Though the former certainly may be true, research from global architecture and design firm Gensler confirms the latter.
A Gensler survey of more than 4,000 workers across 11 industries revealed a statistical link between an organization’s workplace design and how innovative its employees believe the company to be.
Companies with high Workplace Performance Index scores (Gensler’s proprietary tool for measuring workplace functionality and effectiveness) are ranked more innovative by the people who work there, proving that workplace design affects the future of an organization and its ability to adapt and stay agile.
This conclusion is not at all surprising, considering the workplace’s proven impact on satisfaction, engagement and performance. What’s noteworthy, though, is the data-backed advice on how to make your workplace (and thus your people and your organization) more innovative by observing those that get it right.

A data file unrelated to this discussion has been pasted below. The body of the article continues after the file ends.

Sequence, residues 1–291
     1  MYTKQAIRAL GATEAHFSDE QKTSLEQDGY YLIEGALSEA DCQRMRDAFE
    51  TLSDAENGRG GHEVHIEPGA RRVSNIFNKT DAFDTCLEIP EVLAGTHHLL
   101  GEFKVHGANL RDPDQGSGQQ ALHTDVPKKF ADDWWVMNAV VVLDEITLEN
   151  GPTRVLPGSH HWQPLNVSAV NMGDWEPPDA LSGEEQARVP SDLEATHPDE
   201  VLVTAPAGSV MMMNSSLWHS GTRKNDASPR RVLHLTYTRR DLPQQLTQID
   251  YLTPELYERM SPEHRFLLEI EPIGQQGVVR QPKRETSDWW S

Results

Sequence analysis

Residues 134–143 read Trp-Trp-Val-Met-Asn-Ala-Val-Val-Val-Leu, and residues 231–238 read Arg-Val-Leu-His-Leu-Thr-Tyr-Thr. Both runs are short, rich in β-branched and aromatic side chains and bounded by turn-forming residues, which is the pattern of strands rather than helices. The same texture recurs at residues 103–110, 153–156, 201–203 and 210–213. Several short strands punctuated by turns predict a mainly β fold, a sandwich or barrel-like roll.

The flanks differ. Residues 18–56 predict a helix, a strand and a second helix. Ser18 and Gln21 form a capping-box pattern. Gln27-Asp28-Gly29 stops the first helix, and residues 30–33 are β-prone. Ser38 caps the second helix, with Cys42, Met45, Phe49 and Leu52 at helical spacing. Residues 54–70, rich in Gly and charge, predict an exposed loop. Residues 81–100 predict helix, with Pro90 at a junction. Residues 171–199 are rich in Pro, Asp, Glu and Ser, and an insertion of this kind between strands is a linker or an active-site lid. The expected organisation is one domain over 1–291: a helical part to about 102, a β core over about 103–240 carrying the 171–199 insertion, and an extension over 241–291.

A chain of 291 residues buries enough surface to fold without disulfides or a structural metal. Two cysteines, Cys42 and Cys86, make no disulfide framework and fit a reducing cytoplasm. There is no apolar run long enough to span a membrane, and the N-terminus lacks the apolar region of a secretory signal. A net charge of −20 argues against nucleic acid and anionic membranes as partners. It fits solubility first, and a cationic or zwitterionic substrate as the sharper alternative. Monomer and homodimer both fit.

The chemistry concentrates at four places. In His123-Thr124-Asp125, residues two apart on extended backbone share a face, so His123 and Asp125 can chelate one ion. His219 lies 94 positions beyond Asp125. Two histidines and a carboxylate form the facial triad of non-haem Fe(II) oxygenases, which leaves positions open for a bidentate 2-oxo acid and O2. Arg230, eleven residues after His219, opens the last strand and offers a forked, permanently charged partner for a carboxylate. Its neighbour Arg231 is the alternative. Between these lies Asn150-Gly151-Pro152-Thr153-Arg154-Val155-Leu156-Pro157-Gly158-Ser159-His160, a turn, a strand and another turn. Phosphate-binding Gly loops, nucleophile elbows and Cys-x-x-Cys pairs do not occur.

This is good news for less traditionally creative firms, namely that innovation can be built. Or at the very least, fostered in the right environment.
By comparing responses from those with the highest innovation index scores with those in the bottom quartile, we can understand what differentiates the high performers from the rest, and see which workplace values are shared by the most innovative companies.
Innovative companies prioritize these qualities and invest in the workplace because they know the work environment has the power to reinforce employees’ value within the organization. In fact, innovators report more purpose, satisfaction and better relationships at work than non-innovative peers. Though they’re not physical attributes, these positive responses are a result of great workplace design that prioritizes its people. People who have a sense of purpose in their work will be more engaged, leading to greater productivity and ultimately more space to innovate.
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JLL Staff Reporter, Behind-the-scenes
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